Zipping down the Pan American Highway, our truck kicks up dust as we leave Guatemala City behind. Riding with the windows down, heat, dirt, and whiffs of gasoline fills our nostrils as concrete buildings give way to palm trees and towering sugarcane. The vibrant, green vegetation and countryside is a relief to sore eyes after spending the past week in the city. The two-hour car ride to Lake Atitlán--- one of our first stops in affected areas to assess chronic malnutrition --- gave our team the chance to reflect on our project and think about what’s ahead.
Up to this point, the project has been awesome in the sense that all the research we have done in D.C. is being validated with our Guatemalan findings:
- A specific communication strategy did not exist exclusively for La Ventana de los Mil Días.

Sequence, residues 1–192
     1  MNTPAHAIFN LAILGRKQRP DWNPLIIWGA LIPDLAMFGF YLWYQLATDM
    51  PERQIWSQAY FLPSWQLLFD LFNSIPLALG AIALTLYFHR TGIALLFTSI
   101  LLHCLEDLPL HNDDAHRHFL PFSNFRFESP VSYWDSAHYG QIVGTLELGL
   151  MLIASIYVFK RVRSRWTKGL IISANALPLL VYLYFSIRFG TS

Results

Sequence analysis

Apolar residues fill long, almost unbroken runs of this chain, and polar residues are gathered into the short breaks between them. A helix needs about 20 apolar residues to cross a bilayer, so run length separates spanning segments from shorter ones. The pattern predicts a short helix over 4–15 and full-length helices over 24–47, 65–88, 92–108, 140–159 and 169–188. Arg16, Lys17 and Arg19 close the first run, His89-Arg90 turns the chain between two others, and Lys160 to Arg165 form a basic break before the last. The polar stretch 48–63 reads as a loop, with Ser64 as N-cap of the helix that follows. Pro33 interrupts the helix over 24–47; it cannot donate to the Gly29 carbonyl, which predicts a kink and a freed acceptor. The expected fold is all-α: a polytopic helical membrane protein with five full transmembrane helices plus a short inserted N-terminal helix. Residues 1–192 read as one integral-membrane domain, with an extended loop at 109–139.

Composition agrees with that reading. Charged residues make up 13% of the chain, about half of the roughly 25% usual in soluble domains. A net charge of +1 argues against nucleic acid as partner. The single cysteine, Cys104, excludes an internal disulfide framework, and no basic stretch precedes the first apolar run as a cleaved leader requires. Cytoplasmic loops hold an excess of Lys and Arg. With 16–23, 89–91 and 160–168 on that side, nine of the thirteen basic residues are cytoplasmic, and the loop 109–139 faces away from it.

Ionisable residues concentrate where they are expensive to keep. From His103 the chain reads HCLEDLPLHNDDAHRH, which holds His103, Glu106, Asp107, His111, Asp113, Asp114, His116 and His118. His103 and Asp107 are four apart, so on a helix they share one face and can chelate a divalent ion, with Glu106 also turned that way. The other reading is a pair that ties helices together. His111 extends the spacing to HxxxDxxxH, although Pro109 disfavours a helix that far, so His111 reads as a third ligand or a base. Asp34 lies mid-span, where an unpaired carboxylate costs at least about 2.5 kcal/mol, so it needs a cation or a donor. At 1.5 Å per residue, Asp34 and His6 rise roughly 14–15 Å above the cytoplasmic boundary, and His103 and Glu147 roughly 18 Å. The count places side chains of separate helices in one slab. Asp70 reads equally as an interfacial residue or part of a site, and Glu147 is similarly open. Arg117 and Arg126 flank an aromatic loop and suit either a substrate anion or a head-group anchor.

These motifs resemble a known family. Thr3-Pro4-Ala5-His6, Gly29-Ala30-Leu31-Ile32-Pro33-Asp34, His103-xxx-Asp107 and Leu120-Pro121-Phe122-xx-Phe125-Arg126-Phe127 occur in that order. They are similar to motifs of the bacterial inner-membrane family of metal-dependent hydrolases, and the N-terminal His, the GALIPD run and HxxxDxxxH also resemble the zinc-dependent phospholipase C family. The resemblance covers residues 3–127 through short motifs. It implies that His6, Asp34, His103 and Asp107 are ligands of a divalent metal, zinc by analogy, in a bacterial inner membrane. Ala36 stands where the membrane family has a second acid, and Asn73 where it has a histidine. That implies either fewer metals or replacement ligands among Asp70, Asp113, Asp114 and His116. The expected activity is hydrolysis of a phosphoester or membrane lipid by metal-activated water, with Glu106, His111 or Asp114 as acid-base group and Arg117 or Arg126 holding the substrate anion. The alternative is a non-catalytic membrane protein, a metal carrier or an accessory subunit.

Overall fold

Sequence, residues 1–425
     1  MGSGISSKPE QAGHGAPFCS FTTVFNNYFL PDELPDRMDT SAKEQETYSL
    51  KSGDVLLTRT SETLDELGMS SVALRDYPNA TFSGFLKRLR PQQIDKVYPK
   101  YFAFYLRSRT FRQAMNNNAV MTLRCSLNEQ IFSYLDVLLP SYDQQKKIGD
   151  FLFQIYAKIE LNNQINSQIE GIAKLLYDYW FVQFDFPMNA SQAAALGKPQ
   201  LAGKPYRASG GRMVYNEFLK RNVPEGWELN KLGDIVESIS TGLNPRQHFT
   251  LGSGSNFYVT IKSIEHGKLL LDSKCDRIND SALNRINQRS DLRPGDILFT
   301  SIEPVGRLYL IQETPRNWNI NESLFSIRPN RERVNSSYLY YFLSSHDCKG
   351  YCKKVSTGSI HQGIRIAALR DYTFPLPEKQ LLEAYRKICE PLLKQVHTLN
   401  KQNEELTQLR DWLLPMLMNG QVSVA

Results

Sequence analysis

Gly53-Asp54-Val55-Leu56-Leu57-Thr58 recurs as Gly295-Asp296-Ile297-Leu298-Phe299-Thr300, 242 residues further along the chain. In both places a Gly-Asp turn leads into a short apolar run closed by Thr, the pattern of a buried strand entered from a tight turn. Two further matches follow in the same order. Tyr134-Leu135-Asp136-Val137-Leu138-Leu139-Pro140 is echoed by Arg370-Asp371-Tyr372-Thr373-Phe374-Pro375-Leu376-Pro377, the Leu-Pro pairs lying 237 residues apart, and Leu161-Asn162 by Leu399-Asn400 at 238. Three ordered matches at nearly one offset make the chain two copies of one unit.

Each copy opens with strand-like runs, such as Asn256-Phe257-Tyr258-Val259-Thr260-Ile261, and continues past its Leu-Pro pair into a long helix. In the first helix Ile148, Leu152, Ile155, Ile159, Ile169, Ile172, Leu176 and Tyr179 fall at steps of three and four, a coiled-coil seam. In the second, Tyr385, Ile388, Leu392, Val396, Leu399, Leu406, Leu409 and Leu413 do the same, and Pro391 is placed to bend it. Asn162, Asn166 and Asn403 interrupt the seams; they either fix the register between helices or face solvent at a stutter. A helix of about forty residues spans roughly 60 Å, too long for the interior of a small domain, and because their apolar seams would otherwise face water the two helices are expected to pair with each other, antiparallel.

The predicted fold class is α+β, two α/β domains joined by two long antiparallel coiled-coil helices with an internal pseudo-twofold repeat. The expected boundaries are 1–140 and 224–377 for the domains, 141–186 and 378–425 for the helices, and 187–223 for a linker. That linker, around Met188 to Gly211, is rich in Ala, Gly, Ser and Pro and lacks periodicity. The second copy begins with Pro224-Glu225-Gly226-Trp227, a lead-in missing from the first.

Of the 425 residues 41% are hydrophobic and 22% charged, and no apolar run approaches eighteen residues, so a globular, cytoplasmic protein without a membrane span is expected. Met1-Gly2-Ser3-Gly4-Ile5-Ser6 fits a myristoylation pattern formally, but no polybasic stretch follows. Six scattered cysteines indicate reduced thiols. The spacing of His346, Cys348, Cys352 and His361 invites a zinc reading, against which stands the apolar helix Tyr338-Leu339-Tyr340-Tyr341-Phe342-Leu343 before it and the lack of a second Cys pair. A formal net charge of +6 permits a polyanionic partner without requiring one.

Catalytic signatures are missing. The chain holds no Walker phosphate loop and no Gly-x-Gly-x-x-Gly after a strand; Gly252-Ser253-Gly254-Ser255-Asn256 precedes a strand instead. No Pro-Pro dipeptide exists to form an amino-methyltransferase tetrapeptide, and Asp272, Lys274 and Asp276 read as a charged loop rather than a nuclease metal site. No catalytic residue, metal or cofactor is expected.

- There was not a coordinated effort among all actors in promoting La Ventana.
- The majority of radio spots existed in Spanish and focused on urban and middle-class instead of rural populations.
Based on our private and public sector interviews in Guatemala City, we learned that there is great momentum behind combatting chronic malnutrition at all levels of society, including NGOs, business, government, and international actors. Everyone recognizes the current administration’s success at making chronic children malnutrition one of Guatemala’s top three priorities. However, we observed that there has been limited communication and coordination efforts between actors, which has resulted in duplicating efforts to create radio spots and other promotional material.
We wonder what we will find visiting rural communities, health clinics, and community radio stations outside Guatemala City: Will our conversations mirror what we heard in the city? How will they be different?
Connect with Us! Tweet to @PFExplorers
Photos from Explorers in Guatemala.